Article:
Having a generator during power outages can be a comfort and can keep critical appliances running in your home. If not used properly, however, portable generators can damage your appliances and even electrocute you or the people who are restoring power.
If you connect a portable electric generator to the main electrical supply coming into your house, the generator could feed back into the electrical distribution system and electrocute workers who are repairing lines. If used improperly, generators can also damage the appliances you connect.
Connecting a generator to the main electrical supply for your house requires an electrical permit from your town or county. A properly installed transfer switch that does not allow the generator to feed back onto the utility’s distribution system is critical if you plan on connecting the generator to your home or business.
Another consideration is the size of generator you need for the equipment you want to run. Typical generator sizes for home use vary from about 8 to 14 horsepower and can handle 4,000 to 8,500 watts. Before buying a generator or connecting appliances to an existing generator, you need to consider the maximum surge rating, and the continuous power rating of the generator.
To prevent overloading, you should calculate wattage requirements carefully. Items such as televisions, toasters, lamps, hot plates and coffee makers are resistive or constant loads, and their total load can be calculated directly from the manufacturer’s name plate.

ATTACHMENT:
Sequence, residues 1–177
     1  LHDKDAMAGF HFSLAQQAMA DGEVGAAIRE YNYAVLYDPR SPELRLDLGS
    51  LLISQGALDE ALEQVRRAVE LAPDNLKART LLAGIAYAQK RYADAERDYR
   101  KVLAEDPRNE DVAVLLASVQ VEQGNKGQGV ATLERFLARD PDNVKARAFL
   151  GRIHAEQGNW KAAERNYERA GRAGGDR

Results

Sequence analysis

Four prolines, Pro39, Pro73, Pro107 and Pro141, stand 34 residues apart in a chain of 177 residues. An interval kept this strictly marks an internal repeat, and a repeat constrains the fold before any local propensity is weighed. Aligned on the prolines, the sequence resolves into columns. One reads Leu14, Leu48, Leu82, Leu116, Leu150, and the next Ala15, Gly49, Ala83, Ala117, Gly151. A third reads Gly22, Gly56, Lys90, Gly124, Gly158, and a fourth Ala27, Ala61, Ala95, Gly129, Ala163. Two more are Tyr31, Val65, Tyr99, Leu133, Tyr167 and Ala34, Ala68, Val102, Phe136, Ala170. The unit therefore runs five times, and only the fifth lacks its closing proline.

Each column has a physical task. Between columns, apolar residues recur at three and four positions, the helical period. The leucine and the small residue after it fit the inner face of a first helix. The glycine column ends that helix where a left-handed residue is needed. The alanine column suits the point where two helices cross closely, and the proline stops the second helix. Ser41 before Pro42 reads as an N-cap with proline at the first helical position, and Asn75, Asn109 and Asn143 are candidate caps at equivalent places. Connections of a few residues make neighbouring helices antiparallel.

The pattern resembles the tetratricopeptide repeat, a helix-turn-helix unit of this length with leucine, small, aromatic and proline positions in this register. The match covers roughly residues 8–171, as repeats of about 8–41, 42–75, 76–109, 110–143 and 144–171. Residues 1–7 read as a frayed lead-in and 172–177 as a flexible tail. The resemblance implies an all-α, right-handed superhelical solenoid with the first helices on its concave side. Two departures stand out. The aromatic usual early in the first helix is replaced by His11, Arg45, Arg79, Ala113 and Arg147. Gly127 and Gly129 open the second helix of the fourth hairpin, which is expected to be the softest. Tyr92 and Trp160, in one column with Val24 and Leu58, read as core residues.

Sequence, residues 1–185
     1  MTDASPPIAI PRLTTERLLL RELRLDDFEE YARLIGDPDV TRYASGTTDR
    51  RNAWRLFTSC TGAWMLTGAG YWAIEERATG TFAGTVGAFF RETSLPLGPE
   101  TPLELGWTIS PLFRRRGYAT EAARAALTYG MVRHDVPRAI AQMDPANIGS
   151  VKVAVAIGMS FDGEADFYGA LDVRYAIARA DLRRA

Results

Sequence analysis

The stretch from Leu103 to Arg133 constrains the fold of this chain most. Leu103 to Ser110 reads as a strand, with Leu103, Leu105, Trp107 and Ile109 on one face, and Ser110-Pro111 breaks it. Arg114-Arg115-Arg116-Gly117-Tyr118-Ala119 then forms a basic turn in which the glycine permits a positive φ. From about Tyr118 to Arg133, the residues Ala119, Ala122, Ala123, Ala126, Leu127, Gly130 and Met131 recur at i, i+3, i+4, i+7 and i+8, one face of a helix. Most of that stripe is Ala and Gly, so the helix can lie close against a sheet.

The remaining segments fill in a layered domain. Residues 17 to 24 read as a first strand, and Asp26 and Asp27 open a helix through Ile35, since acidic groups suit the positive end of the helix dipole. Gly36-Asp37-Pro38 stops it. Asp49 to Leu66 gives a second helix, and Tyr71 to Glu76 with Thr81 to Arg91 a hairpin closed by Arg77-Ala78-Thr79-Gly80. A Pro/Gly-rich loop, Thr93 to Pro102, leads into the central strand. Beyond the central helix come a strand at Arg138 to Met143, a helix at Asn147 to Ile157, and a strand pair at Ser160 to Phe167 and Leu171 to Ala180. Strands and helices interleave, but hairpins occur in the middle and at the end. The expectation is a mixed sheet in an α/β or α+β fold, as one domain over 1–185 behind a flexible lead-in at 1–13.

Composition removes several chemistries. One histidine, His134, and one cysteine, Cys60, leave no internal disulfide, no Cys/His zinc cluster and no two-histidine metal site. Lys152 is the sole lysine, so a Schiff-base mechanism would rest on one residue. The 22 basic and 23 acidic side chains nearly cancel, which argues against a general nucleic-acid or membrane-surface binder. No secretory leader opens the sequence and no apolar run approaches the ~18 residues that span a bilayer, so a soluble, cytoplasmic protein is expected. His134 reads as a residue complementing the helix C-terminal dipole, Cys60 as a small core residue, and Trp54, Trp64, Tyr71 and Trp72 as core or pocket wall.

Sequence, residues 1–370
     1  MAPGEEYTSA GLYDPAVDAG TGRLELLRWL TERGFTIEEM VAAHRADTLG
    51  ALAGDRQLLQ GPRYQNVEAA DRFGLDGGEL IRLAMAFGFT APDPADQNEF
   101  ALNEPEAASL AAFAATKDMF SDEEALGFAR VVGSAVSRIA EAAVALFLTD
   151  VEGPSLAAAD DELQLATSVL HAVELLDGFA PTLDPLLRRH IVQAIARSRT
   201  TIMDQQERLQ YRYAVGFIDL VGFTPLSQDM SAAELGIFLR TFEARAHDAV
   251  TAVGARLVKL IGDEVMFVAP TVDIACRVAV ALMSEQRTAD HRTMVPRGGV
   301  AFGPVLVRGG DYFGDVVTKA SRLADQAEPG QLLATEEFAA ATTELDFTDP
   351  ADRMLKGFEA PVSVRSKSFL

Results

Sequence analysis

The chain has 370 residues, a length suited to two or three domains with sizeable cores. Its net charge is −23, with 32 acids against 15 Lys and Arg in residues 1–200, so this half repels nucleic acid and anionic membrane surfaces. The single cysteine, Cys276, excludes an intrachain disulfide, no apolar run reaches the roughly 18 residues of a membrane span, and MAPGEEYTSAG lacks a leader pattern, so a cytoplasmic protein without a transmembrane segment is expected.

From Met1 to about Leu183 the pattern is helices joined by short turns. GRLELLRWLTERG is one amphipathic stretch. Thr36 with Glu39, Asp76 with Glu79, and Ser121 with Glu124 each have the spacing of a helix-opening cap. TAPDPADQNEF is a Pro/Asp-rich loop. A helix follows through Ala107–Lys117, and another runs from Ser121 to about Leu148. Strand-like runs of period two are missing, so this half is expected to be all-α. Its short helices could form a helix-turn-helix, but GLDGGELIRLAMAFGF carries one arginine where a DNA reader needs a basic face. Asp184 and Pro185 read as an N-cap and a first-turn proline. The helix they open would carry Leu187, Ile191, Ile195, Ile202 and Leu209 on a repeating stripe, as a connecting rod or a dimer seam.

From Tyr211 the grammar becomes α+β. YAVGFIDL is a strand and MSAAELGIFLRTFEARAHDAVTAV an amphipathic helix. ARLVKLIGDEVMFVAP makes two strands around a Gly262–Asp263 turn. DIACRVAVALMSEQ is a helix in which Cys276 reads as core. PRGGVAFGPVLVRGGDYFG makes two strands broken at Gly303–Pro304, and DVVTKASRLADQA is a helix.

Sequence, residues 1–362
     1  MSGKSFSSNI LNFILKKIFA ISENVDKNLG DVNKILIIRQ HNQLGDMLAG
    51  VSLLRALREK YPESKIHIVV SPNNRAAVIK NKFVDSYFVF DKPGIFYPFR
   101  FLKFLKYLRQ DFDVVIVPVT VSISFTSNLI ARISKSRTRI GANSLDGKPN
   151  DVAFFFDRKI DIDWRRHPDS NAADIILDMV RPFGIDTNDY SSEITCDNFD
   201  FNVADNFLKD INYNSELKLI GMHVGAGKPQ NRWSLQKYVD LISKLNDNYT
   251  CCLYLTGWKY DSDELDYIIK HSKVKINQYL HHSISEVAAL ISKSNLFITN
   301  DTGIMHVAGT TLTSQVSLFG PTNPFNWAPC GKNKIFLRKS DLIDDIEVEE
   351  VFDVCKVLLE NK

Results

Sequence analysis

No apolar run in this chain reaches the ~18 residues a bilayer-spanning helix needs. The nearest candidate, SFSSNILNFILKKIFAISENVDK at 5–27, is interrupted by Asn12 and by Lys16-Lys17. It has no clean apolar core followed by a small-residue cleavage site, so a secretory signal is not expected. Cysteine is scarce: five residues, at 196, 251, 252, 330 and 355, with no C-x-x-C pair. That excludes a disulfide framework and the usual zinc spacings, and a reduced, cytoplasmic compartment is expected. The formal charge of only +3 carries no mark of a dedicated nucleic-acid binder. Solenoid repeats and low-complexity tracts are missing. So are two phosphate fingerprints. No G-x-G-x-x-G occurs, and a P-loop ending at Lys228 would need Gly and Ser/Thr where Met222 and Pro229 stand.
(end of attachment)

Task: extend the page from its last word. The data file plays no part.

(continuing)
Items such as refrigerators, freezers, and air conditioners are reactive loads; they are controlled by motors or compressors. “Reactive loads use more current at start up. It can take as much as seven times more energy to start a motor load than it does to keep it running once the motor or compressor is turning,” said Will Pittman, Carteret-Craven Electric Cooperative’s VP of Engineering and Operations.” Undersized generators may not start a motor or compressor and may even damage your appliances or the generator.”
Beware of Carbon Monoxide Poisoning
Most of the incidents associated with portable generators reported to Consumer Products Safety Commission involve carbon monoxide (CO) poisoning from generators used indoors or in partially enclosed spaces. When used in a confined space, generators can produce high levels of CO within minutes. When you use a portable generator, remember that you cannot see or smell CO. Even if you do not smell exhaust fumes, you may still be exposed to CO.
Never use a generator inside homes, garages, crawlspaces, sheds, or similar areas, even when using fans or opening doors and windows for ventilation. Deadly levels of carbon monoxide can quickly build up in these areas and can linger for hours, even after the generator has shut off. Follow the instructions that come with your generator, and locate the unit outdoors, far from doors, windows, and vents that could allow CO to come indoors.
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